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Viktor Schreckengost

Ever hear of
Viktor Schreckengost?  I hadn’t heard of him until this morning when I read his obituary in the Washington Post.  Mr. Schreckengost died recently, at the age of 101.

So why do I care?  Why should you care?

I care and you should care because Mr. Schreckengost likely has done more to make your life better and pleasant than has nearly any of the politicians you can name.  Measuring any one person’s contributions to a society whose essence is vast and on-going social cooperation is inherently difficult and often speculative.  Still, I’ll speculate.  I have a strong sense that the positive value of Viktor Schreckengost’s contributions to human well-being exceeds that of FDR, Richard Nixon, Jimmy Carter, Ronald Reagan, any Kennedy or Bush, Kofi Annan, Nancy Pelosi, Tip O’Neill — you name the political operative.

A good sense of Mr. Schreckengost’s contributions comes from the opening paragraph of the Post’s obit:

Viktor Schreckengost, 101, a celebrated industrial designer whose
products included mass-produced dinnerware, riding lawn mowers,
bicycles and coffins, and who revolutionized trucking by putting the
cab over the engine, died Jan. 26 at his condominium in Tallahassee.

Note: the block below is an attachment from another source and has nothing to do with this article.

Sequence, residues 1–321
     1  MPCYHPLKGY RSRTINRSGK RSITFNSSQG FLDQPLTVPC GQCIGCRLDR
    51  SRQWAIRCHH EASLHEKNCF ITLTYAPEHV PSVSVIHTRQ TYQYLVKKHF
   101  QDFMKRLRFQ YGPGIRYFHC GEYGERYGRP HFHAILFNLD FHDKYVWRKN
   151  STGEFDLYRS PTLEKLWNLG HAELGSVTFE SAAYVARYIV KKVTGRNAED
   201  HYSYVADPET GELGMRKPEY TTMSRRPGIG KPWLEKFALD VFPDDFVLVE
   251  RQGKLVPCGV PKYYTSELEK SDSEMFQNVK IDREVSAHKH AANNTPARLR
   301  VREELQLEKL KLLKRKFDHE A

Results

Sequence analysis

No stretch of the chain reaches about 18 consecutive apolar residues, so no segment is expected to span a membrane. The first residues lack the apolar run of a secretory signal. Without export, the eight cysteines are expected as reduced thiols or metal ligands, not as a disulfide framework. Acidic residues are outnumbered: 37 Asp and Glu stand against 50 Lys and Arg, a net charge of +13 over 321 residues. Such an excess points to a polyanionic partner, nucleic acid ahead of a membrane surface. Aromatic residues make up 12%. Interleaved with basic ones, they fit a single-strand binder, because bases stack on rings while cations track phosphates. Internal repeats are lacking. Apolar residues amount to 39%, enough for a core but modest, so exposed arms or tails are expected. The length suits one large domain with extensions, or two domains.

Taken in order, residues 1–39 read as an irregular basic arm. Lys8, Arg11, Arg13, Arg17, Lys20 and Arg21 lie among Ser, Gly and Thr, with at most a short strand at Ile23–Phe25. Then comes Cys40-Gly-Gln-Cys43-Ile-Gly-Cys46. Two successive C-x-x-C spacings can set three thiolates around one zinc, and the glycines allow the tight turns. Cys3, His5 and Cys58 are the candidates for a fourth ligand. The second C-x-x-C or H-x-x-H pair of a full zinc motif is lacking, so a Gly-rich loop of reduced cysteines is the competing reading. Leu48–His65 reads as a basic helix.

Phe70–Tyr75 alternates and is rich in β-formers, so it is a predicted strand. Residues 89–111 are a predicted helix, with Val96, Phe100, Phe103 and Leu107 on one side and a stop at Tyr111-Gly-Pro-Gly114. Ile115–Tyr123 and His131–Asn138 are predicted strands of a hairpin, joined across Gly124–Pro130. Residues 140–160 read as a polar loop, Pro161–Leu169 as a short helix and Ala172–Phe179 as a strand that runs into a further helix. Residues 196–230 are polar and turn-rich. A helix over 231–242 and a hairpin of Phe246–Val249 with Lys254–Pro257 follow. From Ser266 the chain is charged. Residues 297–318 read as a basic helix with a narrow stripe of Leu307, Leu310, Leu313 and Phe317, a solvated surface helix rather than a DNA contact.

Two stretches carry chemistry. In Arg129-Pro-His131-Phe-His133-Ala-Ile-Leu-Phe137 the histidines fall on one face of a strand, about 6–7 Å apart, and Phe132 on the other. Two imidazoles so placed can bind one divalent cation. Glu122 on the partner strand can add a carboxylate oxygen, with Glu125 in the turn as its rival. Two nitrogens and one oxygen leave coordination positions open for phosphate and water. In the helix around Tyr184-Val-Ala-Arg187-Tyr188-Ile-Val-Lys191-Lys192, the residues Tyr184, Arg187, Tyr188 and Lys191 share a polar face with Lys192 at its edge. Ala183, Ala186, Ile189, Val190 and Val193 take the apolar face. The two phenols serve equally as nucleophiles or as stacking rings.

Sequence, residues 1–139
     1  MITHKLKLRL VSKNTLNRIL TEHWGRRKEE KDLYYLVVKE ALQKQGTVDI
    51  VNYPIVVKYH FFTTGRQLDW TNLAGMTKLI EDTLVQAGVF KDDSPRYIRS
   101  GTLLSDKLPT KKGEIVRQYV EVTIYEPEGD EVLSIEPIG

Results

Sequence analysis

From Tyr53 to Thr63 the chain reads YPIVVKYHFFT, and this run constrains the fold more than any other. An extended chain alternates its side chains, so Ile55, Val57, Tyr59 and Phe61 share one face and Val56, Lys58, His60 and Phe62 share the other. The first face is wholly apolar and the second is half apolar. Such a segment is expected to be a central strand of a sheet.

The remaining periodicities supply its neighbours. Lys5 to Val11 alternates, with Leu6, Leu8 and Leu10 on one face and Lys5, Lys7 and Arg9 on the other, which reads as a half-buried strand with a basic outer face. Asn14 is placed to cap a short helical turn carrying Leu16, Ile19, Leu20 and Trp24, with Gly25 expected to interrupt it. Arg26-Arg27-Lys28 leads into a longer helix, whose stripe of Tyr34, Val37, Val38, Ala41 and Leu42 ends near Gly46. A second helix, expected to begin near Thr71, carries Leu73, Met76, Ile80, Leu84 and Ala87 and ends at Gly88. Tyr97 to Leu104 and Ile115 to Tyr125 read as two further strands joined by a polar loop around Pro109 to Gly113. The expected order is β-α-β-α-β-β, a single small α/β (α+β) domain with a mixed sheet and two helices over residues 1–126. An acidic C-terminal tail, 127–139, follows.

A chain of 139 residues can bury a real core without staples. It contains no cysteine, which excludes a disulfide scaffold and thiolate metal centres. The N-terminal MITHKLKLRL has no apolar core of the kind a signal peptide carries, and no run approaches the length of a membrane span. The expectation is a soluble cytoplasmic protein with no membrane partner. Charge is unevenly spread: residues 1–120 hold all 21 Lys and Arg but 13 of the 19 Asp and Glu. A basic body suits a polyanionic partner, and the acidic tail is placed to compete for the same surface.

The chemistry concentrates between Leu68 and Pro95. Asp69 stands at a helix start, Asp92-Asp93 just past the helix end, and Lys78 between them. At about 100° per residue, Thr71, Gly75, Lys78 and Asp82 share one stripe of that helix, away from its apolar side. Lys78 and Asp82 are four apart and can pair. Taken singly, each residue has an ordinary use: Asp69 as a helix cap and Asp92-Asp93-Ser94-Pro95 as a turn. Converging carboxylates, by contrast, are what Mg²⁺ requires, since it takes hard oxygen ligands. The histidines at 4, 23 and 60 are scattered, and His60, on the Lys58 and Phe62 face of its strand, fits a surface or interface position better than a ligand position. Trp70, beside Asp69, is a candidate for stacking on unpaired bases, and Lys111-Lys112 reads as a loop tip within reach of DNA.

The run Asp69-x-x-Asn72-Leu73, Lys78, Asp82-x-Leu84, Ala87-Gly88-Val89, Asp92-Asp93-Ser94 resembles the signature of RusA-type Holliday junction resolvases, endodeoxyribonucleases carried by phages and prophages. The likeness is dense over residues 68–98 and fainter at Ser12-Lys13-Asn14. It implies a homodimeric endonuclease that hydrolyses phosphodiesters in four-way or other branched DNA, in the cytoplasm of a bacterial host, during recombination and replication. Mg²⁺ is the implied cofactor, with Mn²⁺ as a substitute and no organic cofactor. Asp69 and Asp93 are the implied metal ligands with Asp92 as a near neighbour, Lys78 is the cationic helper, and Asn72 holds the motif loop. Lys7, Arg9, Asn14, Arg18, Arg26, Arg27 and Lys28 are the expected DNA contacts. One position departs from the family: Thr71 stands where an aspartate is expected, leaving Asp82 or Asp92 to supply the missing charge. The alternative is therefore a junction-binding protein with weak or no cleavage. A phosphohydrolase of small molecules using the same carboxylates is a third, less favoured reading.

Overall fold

Read the entire obit to learn more fully just how much this man has contributed.

His mass-produced dinnerware is especially interesting.  Here’s more from the obit:

Mr. Schreckengost — whose name means "frightening guest" in German —
was born June 23, 1906, in Sebring, Ohio. He learned clay sculpting
from his father, a commercial potter, and said his parents expected
their children to make their own toys…..

In the early 1930s, he was hired by American Limoges to design what is
widely believed to be the first modern mass-produced dinnerware. Its
patterns had a Manhattan theme and became ubiquitous in homes of that

So Mr Schreckengost contributed in a major way to a commercial enterprise that was in competition with his father’s profession.  With the advent of mass-produced dinnerware — designed, by the way, by a man whose work was sought after by the likes of Eleanor Roosevelt — millions of ordinary families could acquire higher-quality or lower-cost dinnerware from large-scale producers.  Surely this development wasn’t good for the business of most commercial potters.  But it was good for ordinary people.

So rest in peace, Mr. Schreckengost.  I salute you.  I salute your creativity, your work, your life.  Even though I, like most people, had never before heard of you, know that I am happy not only to have learned of you but, perhaps ironically, also to live in a society that encourages creative people such as yourself to work for my betterment without my having to grovel before you, to enslave you, or even to pay you the kind of modest homage that I offer here.

UPDATE: Steve Horwitz has these important reflections on Mr. Schreckengost over at The Austrian Economists.